* Strict security measures: An Extranet of questionable security is utterly useless. Collaborator includes a strong firewall, access control lists and a secure gateway offering our clients protection from potential security threats. To guard against potential system abuses, Collaborator incorporates token sessions, expiring session IDs, access and authentication control, URL verification, prompted password changes and a log-in auditing and tracking system. All communications are 128-bit Secure Socket Layer (SSL) encrypted.
* Off-site hosting: Perhaps the most attractive aspect of Collaborator is that Niku provides hosting services. The Extranet application and all data reside on a remote server. This allows for security, and redundancy at a level my staff could not support. Niku backs up and otherwise maintains data on the Extranet, and automatically adds any updates to the system. All that's needed on our end -- and for that matter, our clients' or co-counsels' end -- is an Internet connection and a browser. Our Help Desk supports end users in terms of application "How To's."
Right now, we're in the early phases of rolling out the new Extranet. Our plan is to make it available to everyone within the firm and to link it to our in-house designed Intranet. We've begun the roll-out with demonstrations for our paralegals, who serve as the "gatekeepers" in each practice area. They are responsible for setting up user IDs, and inputting each client Extranet with relevant contact and calendar data. Associates assigned to a given matter will be responsible for maintaining documents that reside in their client's Extranet.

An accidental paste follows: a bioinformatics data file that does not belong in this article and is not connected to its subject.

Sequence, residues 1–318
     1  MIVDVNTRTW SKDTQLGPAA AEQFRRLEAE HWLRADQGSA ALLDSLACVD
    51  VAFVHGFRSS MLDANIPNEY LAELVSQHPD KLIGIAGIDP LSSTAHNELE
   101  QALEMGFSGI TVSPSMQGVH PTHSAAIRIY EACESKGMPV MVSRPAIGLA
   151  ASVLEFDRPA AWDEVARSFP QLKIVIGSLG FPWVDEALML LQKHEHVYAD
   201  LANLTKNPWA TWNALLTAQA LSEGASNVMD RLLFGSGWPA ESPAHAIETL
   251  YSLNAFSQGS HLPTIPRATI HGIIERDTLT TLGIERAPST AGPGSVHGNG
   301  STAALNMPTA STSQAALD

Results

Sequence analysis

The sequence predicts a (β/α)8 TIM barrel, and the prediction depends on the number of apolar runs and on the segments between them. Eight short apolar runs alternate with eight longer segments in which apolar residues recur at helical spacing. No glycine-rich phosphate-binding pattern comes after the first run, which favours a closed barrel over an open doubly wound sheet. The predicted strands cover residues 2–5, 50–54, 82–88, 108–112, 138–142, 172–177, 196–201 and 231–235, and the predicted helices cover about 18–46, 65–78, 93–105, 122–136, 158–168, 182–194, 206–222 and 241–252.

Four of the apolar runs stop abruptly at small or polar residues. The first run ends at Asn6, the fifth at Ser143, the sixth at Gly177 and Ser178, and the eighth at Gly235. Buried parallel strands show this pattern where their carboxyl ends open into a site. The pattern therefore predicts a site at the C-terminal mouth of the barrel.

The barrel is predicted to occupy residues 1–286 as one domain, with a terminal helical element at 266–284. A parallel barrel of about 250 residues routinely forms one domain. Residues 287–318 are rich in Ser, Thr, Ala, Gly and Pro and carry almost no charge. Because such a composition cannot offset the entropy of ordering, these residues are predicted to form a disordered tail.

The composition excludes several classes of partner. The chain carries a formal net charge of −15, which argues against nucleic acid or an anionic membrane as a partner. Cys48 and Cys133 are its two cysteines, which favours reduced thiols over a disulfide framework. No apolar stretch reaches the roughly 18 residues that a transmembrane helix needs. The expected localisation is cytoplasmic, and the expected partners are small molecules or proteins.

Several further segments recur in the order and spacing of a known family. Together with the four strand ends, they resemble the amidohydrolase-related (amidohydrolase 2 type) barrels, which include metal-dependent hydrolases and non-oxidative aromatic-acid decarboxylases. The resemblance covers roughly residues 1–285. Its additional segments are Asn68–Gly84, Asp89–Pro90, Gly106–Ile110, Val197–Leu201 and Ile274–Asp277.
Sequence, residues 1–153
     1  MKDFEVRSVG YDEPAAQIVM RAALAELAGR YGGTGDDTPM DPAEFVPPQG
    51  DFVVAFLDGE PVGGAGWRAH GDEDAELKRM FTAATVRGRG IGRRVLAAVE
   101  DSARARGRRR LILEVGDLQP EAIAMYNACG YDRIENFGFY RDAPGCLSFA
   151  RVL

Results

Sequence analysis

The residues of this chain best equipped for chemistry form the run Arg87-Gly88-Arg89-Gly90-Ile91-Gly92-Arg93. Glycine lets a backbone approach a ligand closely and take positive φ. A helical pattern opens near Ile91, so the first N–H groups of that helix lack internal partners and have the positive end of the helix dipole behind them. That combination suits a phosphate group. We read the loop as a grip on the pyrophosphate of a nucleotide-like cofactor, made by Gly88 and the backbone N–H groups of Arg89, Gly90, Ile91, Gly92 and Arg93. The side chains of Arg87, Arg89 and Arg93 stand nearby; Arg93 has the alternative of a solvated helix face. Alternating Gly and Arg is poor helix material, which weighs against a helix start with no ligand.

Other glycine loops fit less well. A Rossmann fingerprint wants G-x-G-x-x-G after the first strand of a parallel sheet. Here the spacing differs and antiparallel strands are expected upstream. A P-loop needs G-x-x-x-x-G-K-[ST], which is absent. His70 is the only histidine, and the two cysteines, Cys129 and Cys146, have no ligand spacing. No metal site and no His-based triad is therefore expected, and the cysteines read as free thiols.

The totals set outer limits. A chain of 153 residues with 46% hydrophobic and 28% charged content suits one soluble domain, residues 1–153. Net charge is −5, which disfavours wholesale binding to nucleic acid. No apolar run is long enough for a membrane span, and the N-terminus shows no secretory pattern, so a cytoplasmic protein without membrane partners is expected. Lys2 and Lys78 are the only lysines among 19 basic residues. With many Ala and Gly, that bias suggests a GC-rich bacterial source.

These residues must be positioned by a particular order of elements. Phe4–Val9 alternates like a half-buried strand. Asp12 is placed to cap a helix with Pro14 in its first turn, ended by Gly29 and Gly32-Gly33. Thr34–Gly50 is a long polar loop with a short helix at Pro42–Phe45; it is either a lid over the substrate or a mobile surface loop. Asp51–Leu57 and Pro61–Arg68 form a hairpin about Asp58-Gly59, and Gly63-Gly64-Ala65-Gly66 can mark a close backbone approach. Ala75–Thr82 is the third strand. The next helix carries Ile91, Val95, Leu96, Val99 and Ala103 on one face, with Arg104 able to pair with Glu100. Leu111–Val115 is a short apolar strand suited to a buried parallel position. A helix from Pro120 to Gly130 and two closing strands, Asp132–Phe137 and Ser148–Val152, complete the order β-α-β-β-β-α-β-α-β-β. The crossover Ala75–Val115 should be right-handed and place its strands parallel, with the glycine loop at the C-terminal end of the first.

Half the Battle
Winning over my internal constituency was only half the battle. For our Extranet to succeed, our clients need to embrace the system as well. To this end, we have asked partners to select key clients for the initial roll-out. These clients cover the gamut in terms of the types of engagements -- mergers and acquisitions; litigation; bankruptcy; real estate, etc.
We predict that our clients will like the ability to obtain information without having to track someone down. We also suspect they will especially like the fact that they will have free access to their Kelley Drye Extranet site.
Like any new application launch, the Kelley Drye Extranet is a work in progress. We expect that the 24 hour availability, via browser, will be a driving force in how clients, co-counsel and Kelley Drye attorneys will use it. Likewise, the "discussion" area will be a boon. In this virtual office space, a discussion on any point can occur, with an easy-to-follow "thread" of previous dialogue, and without having to get someone on the phone.
Will the accessibility our Extranet affords win the hearts and minds of our clients? It's a little early to say. Will it ease some of the communication snafus associated with exchanging sensitive information via e-mail? We're counting on it.
Judith Flournoy is director of information technology at Kelley Drye & Warren LLP, and is based in the firm's New York City office.